My dream or vision began almost instantaneously with my head feeling like it was dissipating into the ether. I felt as if I was sucked out of my exhausted body and pulled into a realm without form but I was still conscious of what was happening to me. I also felt like myself not some mist, breeze, or air but I felt as if I was the same being that occupied the human form I now saw below me as I floated into the sky. I arrived at the summit of Mount Meru and was abruptly stopped by some mysterious force. It was strange, I had no human form but I saw everything as clear as I did through my eyes. But I had no eyes. There were no ears to hear the wind but I heard it. No nose to smell the freshly fallen snow but I smelt it. No feet to feel the earth but I felt it. As I was puzzled by this predicament, all of a sudden I heard a loud bell that sounded like the bells of enlightenment[9] rung in the monastery only 10,000 times stronger. From the clouds descended a group of what I instantly recognized as the peaceful and wrathful deities[10]. I thought I had died and entered the Bardo plane or the intermediate state following death.

Image URL: https://anonymouslefty.files.wordpress.com/2009/10/uncharted-2-shambhala-vista-wallpaper-concept-art.jpg

But to my surprise the group of deities pointed in the four directions just above the village. Where I had collapsed became the center of the four directions. As I witnessed this awe inspiring phenomenon, I made the connection between what I was experiencing and the mystical land described in the Bras Mo Ljongs. Once this realization dawned on me, I heard the bells of enlightenment once more and felt myself being pulled back down into the monastery where I was back in my human form and awoke.

Having awoken from my dream or vision I was a bit startled as the whole experience felt as “real” as what I was experiencing now. I was being tended to by the old head monk who told me that I had collapsed and that I should drink some medicine he had prepared for me. I quickly stood up and humbly declined and without saying another word began to make my way home. As I made my way to my horse I heard the old man yell out that he would have a monk deliver the text when they found it.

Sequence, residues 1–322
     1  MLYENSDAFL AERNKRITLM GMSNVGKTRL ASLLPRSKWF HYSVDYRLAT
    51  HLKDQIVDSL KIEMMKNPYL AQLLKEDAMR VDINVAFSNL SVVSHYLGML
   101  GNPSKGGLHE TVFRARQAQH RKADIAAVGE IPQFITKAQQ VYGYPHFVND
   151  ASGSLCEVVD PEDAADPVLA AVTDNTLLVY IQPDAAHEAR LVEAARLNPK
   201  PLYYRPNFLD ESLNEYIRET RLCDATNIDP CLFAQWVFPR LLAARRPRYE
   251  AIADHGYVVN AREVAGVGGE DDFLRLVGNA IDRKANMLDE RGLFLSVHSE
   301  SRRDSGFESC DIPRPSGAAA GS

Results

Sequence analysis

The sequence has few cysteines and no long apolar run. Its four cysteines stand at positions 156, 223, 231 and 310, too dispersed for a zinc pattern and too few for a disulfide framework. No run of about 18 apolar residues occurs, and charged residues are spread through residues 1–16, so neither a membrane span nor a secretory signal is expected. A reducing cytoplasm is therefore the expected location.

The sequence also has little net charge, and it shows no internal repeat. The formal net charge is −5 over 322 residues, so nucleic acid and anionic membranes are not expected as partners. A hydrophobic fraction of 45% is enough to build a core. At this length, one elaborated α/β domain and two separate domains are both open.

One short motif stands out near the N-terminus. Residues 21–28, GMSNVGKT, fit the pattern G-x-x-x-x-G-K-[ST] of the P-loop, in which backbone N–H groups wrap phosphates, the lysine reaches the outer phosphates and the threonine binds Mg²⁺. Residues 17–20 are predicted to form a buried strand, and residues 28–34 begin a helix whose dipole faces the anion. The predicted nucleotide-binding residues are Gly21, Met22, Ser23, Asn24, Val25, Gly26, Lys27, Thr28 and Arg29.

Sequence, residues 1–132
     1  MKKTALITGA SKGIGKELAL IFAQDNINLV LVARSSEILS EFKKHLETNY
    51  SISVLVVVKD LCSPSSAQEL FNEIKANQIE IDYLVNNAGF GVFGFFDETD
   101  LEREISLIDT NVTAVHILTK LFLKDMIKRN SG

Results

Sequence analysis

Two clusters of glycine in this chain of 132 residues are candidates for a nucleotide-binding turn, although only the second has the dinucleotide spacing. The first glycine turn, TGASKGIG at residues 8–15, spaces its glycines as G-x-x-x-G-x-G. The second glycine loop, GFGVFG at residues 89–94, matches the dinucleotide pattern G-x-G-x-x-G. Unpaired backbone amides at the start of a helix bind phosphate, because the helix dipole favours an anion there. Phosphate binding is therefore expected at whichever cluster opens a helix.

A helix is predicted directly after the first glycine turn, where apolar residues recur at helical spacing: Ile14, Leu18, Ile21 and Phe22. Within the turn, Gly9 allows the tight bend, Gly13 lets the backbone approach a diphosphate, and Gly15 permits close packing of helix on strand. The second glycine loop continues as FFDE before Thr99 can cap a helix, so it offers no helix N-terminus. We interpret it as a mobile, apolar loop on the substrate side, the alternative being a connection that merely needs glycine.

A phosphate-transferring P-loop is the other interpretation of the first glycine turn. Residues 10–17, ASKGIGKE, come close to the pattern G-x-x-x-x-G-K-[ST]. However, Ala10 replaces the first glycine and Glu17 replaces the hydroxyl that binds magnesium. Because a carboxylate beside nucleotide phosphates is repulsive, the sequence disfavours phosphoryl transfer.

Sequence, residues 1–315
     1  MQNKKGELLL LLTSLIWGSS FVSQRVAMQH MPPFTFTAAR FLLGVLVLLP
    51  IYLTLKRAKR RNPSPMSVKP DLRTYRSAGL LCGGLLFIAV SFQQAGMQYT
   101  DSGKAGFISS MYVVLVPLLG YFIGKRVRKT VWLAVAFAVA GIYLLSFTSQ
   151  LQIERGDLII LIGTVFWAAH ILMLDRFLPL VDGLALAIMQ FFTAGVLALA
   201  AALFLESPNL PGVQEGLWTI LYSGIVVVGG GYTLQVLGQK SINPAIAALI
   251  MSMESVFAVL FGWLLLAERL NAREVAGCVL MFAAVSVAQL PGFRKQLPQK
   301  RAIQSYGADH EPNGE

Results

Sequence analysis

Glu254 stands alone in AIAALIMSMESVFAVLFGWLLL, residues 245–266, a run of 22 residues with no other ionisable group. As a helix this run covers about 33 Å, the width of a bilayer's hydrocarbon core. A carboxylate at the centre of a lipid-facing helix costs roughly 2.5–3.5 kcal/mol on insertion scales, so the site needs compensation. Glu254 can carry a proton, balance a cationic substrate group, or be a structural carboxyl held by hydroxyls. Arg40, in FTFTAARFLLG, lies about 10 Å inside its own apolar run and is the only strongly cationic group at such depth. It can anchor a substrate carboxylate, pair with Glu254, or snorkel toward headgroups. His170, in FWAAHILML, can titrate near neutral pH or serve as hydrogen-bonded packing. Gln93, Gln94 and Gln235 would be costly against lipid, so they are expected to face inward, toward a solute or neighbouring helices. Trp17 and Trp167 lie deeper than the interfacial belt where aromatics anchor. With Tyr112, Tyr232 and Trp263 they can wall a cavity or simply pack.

As soon as I got home I boiled some tea and went straight to bed. The next morning I awoke to the noise of the villagers setting up for the upcoming New Year celebration. As I looked out my window and saw how happy the villagers were and how involved they were in what they were doing it dawned me that the vision I had was actually an obscure message. The mystical land described in the Bras Mo Ljongs which one was able to be free from harm was not actually a geographical location as I had hoped. A place of pure blissfulness or a state of happiness was not somewhere which I had to find because I was already in it only I failed to realize it. With that recognition I gained a state of complete peacefulness and began to prepare my own New Year festivities.

[1] Medium.com Writer: Shelby McIsaac (Shelby) https://medium.com/@shelbyy1993.

[2] Rigzin Ngodup Dokhampa, Sbas Yul “Bras Mo Ljongs”: The Hidden Valley Of Sikkim, trans. Thupten Tenzin (Namgyal Institute of Tibetology, 2003), pgs. 75–86.

[3] Rigzin Ngodup Dokhampa, Sbas Yul “Bras Mo Ljongs”: The Hidden Valley Of Sikkim, trans. Thupten Tenzin (Namgyal Institute of Tibetology, 2003), pg. 1.

[4] Dodrupchen Jigme Tenpe Nyima, A Guide To Sang Practice, trans. Adam Pearcey (Rigpa Translations, 2006), pg. 7.

[5] Dodrupchen Jigme Tenpe Nyima, A Guide To Sang Practice, trans. Adam Pearcey (Rigpa Translations, 2006), pg. 7.

[6] Dodrupchen Jigme Tenpe Nyima, A Guide To Sang Practice, trans. Adam Pearcey (Rigpa Translations, 2006), pg. 8.

[7] “Abu” Patrul Rinpoche, Brief Windhorse Practice Of Tara, (1808–1887).

[8] “Abu” Patrul Rinpoche, Brief Windhorse Practice Of Tara, (1808–1887).

[9] Heninrich Dumoulin, Zen Enlightenment: Origins and Meaning, (Shambhala Publications, 2007), pg. 78.

[10] Evans-Wentz, Walter Yeeling. The Tibetan Book of the Dead: Or the After-death Experiences on the Bardo Plane, According to Lama Kazi Dawa-Samdup’s English Rendering, (Oxford University Press, 2000), pg. 84.

Bibliography

1.) “Abu” Patrul Rinpoche, Brief Windhorse Practice Of Tara, 1808–1887.

2.) Dodrupchen Jigme Tenpe Nyima, A Guide To Sang Practice, trans. Adam Pearcey, Rigpa Translations, 2006.

3.) Evans-Wentz, Walter Yeeling. The Tibetan Book of the Dead: Or the After-death Experiences on the Bardo Plane, According to Lama Kazi Dawa-Samdup’s English Rendering, Oxford University Press, 2000.

4.) Heninrich Dumoulin, Zen Enlightenment: Origins and Meaning, Shambhala Publications, 2007.

5.) Image URL: https://anonymouslefty.files.wordpress.com/2009/10/uncharted-2-shambhala-vista-wallpaper-concept-art.jpg.

6.) Medium.com Writer: Shelby McIsaac (Shelby) https://medium.com/@shelbyy1993.

7.) Rigzin Ngodup Dokhampa, Sbas Yul “Bras Mo Ljongs”: The Hidden Valley Of Sikkim, trans. Thupten Tenzin, Namgyal Institute of Tibetology, 2003.